President Zelensky’s Official Visit to the UAE
President Zelensky visited the United Arab Emirates on February 14–15. The parties signed several agreements and memoranda of understanding related to investments and military cooperation. Also, several large private Ukrainian companies signed memoranda with the Mubadala, the Emirates state-owned investing company.
2. INTERNAL AFFAIRS
Sanctions and Other Actions against Some Pro-Russia Politicians in Ukraine
President Zelensky and the National Security and Defense Council imposed economic sanctions on two Ukrainian politicians in February 2021. Viktor Medvedchuk and Taras Kozak, MPs, are suspected of being pro-Russia politicians and financers of terrorism (by cooperating with the unrecognized republics in the Donbas). Medvedchuk is one of the leaders of the political party Opposition Platform—For Life and has close personal relations with Vladimir Putin. Since 2014, Medvedchuk has tried to act as a negotiator between Ukraine, on one side, and Russia and the unrecognized republics on the other, though he is not approved by Kyiv to act in this capacity.
The sanctions stipulate a ban of three TV channels formally owned by Kozak and a ban on trading shares in the gasoline business company allegedly owned by Medvedchuk. These companies are important players on the Ukrainian gasoline market, importing the gas from Russia. Ukraine’s Security and Defense Council has also raised the issue of nationalizing the gasoline pipeline delivering the fuel from Russia, claiming that it was privatized illegally. The Security Service of Ukraine started an investigation on suspicions that Kozak and Medvedchuk were preparing a coup and financing terrorism.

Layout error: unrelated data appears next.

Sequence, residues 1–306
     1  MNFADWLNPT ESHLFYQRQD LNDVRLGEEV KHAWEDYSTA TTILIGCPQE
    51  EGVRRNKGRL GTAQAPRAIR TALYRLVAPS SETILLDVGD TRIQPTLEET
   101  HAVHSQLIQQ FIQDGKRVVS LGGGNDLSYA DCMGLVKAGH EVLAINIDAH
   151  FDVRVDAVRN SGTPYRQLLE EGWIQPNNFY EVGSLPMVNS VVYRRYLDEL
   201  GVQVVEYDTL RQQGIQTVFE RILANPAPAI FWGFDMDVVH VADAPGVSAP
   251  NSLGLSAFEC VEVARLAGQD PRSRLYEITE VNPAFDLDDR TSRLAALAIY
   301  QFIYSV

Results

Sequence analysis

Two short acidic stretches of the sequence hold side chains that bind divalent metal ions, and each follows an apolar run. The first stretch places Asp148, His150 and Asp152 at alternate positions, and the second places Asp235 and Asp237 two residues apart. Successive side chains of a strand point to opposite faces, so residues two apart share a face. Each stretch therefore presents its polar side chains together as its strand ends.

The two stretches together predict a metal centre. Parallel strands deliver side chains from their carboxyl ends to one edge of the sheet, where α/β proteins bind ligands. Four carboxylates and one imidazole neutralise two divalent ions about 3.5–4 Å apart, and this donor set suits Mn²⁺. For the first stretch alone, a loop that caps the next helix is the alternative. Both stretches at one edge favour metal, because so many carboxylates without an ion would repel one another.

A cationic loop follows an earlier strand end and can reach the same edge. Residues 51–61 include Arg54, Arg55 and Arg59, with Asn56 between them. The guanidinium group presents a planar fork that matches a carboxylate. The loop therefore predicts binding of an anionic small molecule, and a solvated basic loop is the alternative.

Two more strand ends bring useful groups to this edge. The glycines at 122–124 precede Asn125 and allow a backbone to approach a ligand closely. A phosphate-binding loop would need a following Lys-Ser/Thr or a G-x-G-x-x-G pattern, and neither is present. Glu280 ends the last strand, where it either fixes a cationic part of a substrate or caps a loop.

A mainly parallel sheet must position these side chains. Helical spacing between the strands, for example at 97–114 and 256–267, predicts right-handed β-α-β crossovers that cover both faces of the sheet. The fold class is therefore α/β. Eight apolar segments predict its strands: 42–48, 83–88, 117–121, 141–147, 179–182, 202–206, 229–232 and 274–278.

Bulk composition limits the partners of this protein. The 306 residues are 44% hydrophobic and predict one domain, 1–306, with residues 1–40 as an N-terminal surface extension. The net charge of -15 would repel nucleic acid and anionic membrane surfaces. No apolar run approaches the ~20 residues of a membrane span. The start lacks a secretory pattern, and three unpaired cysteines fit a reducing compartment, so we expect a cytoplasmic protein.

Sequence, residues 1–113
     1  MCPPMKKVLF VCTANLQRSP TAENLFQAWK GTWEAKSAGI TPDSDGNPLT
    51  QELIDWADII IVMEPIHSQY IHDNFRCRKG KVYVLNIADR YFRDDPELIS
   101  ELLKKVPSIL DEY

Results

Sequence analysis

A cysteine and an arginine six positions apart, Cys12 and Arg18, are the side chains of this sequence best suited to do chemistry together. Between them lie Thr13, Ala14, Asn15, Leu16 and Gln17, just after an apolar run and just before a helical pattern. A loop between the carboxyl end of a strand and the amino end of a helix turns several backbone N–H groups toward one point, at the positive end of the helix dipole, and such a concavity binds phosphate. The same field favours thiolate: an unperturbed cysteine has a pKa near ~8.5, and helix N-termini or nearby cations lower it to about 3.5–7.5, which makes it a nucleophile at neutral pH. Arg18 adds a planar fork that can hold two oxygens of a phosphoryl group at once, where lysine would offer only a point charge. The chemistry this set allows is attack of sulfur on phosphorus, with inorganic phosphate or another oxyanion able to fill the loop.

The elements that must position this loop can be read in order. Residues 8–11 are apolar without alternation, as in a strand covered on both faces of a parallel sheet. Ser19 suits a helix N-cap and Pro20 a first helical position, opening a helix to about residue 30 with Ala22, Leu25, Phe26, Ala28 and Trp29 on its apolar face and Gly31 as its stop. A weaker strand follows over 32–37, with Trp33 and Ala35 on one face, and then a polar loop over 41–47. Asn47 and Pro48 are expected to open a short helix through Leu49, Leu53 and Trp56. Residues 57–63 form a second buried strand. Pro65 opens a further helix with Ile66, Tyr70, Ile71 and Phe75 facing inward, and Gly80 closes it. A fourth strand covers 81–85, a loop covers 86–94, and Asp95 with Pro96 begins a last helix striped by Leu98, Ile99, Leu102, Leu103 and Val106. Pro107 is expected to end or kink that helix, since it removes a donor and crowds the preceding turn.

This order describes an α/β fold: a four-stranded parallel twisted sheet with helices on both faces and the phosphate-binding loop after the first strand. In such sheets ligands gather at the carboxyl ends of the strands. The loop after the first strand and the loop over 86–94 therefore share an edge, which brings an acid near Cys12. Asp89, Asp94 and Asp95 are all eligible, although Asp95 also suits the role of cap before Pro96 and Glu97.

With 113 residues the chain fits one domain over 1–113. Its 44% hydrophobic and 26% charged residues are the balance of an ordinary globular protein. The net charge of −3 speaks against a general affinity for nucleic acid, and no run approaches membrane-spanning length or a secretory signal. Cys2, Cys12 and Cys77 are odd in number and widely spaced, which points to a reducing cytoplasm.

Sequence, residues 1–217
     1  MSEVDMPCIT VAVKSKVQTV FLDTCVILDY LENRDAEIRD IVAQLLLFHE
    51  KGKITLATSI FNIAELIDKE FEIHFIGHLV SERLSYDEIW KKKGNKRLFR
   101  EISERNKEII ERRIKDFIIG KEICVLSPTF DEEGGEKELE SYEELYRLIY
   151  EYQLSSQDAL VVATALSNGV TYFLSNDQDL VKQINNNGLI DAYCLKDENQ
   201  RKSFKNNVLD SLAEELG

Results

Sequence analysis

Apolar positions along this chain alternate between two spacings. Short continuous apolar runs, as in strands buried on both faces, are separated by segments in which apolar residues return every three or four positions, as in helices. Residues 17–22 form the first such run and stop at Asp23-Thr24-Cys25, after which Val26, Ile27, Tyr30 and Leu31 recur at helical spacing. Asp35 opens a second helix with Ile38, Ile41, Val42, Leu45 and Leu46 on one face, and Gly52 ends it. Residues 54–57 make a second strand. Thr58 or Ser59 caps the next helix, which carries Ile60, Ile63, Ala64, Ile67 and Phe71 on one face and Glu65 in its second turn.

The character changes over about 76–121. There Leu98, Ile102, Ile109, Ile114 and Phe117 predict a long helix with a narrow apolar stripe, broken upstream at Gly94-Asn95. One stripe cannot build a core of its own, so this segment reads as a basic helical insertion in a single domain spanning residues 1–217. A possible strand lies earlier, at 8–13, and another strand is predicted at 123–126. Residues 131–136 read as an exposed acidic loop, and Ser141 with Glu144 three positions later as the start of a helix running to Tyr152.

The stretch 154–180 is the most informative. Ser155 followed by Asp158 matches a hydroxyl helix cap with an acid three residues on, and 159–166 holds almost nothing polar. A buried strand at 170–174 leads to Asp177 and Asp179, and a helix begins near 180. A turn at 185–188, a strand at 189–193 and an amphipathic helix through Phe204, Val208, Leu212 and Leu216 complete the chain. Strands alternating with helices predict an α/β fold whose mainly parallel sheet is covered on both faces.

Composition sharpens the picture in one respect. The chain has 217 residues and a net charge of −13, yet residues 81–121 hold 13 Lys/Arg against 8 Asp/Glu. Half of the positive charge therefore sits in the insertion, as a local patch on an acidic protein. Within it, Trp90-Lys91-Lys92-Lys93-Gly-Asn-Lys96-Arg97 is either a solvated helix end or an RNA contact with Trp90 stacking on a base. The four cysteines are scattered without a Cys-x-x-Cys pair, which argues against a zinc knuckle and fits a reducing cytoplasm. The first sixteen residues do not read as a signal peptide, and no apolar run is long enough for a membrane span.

The Security and Defense Council also issued a number of sanctions against other companies and individuals, including Russian citizens, during February and March 2021.
Some prominent Ukrainian NGOs publicly supported sanctions against the TV channels, claiming that such sanctions did not amount to an attack on freedom of expression, as some have argued, but were a necessary step in the fight against foreign influence operations.
COVID-19 in Ukraine
A third wave of the COVID-19 pandemic struck Ukraine in the first quarter of 2021. In March the daily new infection rate reached the unprecedented figure of more than 18,000, with more than three hundred deaths per day. The cabinet tightened the quarantine restrictions once more beginning March 20.
Ukraine started a mass vaccination campaign on February 24. However, the campaign proceeded sluggishly: by the end of March, only 200,000 Ukrainians had received their first injection. Ukrainians, including medical personnel, do not trust the available vaccine, Covishield, an analogue of the Oxford-AstraZeneca that is produced in India. According to a UNDP study, low trust in vaccination is connected with disinformation on COVID-19 and related issues. Besides, Ukraine still lacks the necessary volumes of vaccine to organize a quick mass vaccination program.
The ongoing pandemic has seriously affected the Ukrainian economy. In 2020 trading turnover fell by 6.4 percent and the country’s GDP fell by 4 percent. FDI volume was the worst of the past twenty years. In the second quarter of 2021, the economy may start to rebound if the authorities ease restrictions in the regions.
Investigation into the Kharkiv Pact of 2010